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preadsheets found on Johnson’s computer at his home showed that between 2010 and 2018, he and his wife listed $2.15 million in total sales from the eBay account, according to the court documents.

Let's say he sold each pair for $700. Which is pretty damn high even for a Kästle demo. Esp from Aspen/Snowmass where they get used a lot.
That's still over 3000 pairs of skis. That's an awful lot of skis.
The only number in the article is the $140,000 and 580 pairs. This implies a per ski sale value of $241.40. If you attribute the entire $2,400,000 of theft to ski sales and assume the skis were sold for the same price on average, you get to ~10,000 pairs of skis (9,984) or about 1,000 per year.

If you run a ski rental op you'd know better than I do what you expect attrition rates to be. Anyone have any intuition for how many pairs of skis you think Aspen SkiCo buys/year?

I think the guy probably got "frog boiled" - starting with a pair here and there to make ends meet, then scaled up...
 

Seldomski

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This reminds me of this story:
https://www.nbcnews.com/news/us-news/fajita-heist-texas-man-sentenced-50-years-stealing-1-2-n868451

Guy stole $1.2 million of fajita meat over 10 years. That's a lot of product to move. But if you are doing this weekly/daily for a long time, it adds up.

Not too surprised the ski thief is broke anyway, despite the added income. For one, he lives in Aspen... pretty easy to spend money there... second, their poor spending habits likely motivated them to keep up this revenue stream to make ends meet. If he was sitting on a pile of cash, why keep stealing?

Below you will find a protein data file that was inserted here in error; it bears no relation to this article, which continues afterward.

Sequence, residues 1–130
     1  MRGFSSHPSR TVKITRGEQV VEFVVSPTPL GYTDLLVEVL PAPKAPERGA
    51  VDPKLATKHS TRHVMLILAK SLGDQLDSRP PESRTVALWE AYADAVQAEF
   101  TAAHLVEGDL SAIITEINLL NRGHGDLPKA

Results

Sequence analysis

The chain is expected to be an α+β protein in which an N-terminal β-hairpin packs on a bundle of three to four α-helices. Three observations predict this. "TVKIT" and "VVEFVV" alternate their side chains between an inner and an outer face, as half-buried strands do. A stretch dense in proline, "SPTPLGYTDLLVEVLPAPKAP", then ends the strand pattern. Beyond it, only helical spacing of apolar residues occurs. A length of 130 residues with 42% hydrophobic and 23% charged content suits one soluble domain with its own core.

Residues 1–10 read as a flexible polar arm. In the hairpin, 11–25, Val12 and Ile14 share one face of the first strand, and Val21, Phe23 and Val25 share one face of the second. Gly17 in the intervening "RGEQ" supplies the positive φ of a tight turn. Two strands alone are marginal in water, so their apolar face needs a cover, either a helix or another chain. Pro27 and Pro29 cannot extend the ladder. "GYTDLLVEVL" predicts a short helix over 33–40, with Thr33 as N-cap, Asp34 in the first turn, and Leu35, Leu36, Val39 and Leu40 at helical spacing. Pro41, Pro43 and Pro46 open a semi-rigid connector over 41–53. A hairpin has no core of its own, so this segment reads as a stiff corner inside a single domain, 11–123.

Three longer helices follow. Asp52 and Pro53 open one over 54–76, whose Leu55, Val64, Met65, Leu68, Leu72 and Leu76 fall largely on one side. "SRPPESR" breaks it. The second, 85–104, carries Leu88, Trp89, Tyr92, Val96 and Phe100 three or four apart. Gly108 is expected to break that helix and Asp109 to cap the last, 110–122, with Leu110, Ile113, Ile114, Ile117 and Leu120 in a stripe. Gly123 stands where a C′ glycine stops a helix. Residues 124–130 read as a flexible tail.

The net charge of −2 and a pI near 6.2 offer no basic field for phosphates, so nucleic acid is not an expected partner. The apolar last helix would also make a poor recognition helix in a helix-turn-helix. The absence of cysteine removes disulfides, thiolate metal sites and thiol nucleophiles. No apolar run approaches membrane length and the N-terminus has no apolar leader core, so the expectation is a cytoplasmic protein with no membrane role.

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jmeb

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This implies a per ski sale value of $241.40.
This is in line with what most their auctions closed at if it is the eBay account I followed and know many who bought from.
 

James

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The only number in the article is the $140,000 and 580 pairs. This implies a per ski sale value of $241.40. If you attribute the entire $2,400,000 of theft to ski sales and assume the skis were sold for the same price on average, you get to ~10,000 pairs of skis (9,984) or about 1,000 per year.
...
That makes a lot more sense, high end demos < $300 would sell fairly quickly.
Well the question then is what else were they selling on their ebay account which had listed sales of $2.15 million between 2010-18?
 

LKLA

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That makes a lot more sense, high end demos < $300 would sell fairly quickly.
Well the question then is what else were they selling on their ebay account which had listed sales of $2.15 million between 2010-18?
Any company with a half way decent brand/reputation does not want their product being resold, least of all by some "random" individual on a site like Ebay.
 
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jmeb

jmeb

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Any company with a half way decent brand/reputation does not want their product being resold, least of all by some "random" individual on a site like Ebay.
Pretty sure most companies accept that selling off demos at the end of their useful life is par for the course. That's what was going on here. The eBay shop didn't look like a random individual, but rather as if it was a large shop selling off high end demos along the lines of Powder7.